The pain from a whiplash injury can take over someone’s life. A whiplash injury comes on following acute trauma to the body and may cause chronic pain for many years. The whole body is caught off guard, and the sudden impact of an accident leads to tears in the muscle tissue. Massage therapy can make a difference in treating the immediate symptoms and shortening the duration of a whiplash injury. In some cases, massage therapy can even prevent the onset of chronic pain. Early massage intervention is best to help relieve both the physical and emotional pain of whiplash.
What Is whiplash?
Whiplash is a traumatic injury that significantly impacts the central nervous system. Car accidents are the most frequent cause of whiplash. About 20% of all victims of car accidents experience whiplash. During a car accident, there is often a high intensity jerking motion. The sudden acceleration and then deceleration movement causes the body to whip sharply forward, backward and sideways, and the impact to the body can be devastating.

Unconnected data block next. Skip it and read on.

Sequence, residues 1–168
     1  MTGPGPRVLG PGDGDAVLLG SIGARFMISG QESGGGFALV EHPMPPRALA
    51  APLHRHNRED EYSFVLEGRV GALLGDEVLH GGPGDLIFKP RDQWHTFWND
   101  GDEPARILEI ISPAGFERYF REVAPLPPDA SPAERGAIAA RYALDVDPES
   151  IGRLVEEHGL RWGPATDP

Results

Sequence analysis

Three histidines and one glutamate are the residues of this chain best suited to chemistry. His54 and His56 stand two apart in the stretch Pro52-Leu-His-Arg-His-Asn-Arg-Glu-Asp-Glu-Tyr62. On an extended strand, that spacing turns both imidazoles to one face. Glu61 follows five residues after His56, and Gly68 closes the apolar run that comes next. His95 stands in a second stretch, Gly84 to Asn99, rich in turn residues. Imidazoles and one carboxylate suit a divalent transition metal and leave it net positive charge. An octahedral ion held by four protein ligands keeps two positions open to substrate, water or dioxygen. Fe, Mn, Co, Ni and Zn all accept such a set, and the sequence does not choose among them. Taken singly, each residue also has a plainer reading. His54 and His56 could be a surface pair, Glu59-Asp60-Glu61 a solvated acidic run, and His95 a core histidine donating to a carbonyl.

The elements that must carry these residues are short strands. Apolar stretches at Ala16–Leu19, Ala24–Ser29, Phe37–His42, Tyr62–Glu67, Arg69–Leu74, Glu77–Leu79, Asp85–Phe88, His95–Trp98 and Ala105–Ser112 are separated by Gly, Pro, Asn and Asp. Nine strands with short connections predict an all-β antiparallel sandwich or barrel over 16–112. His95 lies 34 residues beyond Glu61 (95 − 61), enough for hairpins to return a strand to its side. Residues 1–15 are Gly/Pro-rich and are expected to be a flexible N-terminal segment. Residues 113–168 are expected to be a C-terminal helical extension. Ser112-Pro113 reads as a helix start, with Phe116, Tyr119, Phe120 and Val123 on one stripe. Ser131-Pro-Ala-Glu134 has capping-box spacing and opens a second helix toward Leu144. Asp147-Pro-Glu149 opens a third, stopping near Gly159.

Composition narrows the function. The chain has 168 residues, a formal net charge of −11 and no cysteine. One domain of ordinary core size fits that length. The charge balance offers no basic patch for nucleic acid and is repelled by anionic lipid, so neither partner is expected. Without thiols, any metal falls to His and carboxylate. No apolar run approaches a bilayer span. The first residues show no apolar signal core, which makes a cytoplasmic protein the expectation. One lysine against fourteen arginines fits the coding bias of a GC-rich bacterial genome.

Whiplash may also occur during contact or high-speed sports. For example, if an athlete falls down a ski slope or is thrown off of a bike and lands on their face, head, or neck, they can end up experiencing extensive soft tissue damage. The whole body hurts.
Whiplash injuries can be mild, moderate or severe. The spine and surrounding muscles, tendons, and ligaments can all suffer damage.
15 Physical Symptoms of Whiplash
Whiplash most frequently causes excruciating pain in the head, neck, and jaw. Doctors often call this injury hyperextension of the neck. However, there are a myriad of physical symptoms that are connected with whiplash trauma.
- Posterior body pain
- Headaches caused by neck pain
- Shoulder pain
- Numbness in neck, shoulders, jaw, or fingers
- Facial and jaw pain
- Postural changes (i.e. forward cervical spine/head)
- Mid and low back pain
- Unable to perform daily activities
- Memory loss
- Ringing in the ears
- Blurred vision
- Difficulty swallowing
6 Emotional Symptoms of Whiplash
In addition to the physical symptoms of whiplash, there are also very serious emotional symptoms.
Massage for Whiplash